I’ve been grieving my father’s death now for 12 years, and over that time, it hasn’t exactly lessened. Grief is a moth that goes through endless cycles of metamorphosis. The first time you emerge from its chrysalis, you believe yourself changed but that’s it, you’re done, your wings will sprout and you’ll have to acclimatize to your new reality. But then, it changes again, and again, into new and nightmarish forms. Its dimensions and volume haven’t changed, only the way its parts fit together.
I’ve gone through grief counseling and other forms of therapy. I’ve questioned whether I could have prolonged grief disorder. I’ve watched my grief change from that initial, all-consuming horror to a quiet sense of emptiness, only to transform again years later into betrayal, and I fought to assimilate new knowledge of the man my father was.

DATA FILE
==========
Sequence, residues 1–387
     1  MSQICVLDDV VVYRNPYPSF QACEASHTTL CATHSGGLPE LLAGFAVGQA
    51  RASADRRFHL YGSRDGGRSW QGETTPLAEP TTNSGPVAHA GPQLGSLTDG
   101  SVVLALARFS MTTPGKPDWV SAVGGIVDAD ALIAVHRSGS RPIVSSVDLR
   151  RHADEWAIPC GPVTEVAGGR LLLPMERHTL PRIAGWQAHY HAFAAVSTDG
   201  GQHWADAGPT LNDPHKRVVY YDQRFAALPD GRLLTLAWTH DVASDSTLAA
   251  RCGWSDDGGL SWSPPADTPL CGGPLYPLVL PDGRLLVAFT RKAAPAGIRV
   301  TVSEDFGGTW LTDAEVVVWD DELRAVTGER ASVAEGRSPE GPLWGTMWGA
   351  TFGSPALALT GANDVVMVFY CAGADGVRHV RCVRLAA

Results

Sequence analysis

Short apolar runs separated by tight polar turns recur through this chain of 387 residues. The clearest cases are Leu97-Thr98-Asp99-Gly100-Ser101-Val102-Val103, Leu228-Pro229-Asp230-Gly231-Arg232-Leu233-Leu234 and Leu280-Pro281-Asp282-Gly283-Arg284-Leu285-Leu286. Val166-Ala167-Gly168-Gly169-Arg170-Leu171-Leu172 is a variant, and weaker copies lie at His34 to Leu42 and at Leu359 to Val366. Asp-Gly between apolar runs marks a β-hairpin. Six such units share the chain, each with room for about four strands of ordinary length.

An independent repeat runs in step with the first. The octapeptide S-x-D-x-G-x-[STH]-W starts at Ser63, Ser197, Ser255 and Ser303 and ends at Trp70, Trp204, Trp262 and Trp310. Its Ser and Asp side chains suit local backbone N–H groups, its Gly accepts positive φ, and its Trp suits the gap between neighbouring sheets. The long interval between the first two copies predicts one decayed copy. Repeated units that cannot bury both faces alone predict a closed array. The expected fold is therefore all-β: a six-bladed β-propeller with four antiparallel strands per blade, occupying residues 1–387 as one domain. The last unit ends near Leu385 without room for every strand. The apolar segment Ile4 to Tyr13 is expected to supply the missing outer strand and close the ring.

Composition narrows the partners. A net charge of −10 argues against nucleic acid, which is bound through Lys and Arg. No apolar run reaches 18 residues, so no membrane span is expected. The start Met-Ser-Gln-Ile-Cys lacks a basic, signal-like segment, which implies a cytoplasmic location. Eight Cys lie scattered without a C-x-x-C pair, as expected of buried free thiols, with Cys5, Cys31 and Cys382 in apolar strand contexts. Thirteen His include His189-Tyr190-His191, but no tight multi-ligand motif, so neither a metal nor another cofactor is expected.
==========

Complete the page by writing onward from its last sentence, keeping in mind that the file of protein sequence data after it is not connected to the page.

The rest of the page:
This year, I really thought I was done. I watched the calendar turn and thought, “This is it. This year, it will be easier.” I was wrong. This year came the way “Eat, Pray, Love” author Elizabeth Gilbert once described — like a tsunami:
“When Grief comes to visit me, it’s like being visited by a tsunami. I am given just enough warning to say, ‘Oh my god, this is happening RIGHT NOW,’ and then I drop to the floor on my knees and let it rock me.”
But there’s a kind of magic in Elizabeth Gilbert’s way that she handles her grief: radical acceptance. It’s a concept familiar to anyone who has experienced dialectical behavior therapy (DBT). It teaches us that pain turns to suffering when we are unable to accept it as outside of our control. Elizabeth Gilbert says:
“The only way that I can ‘handle’ Grief, then, is the same way that I ‘handle’ Love — by not ‘handling’ it.
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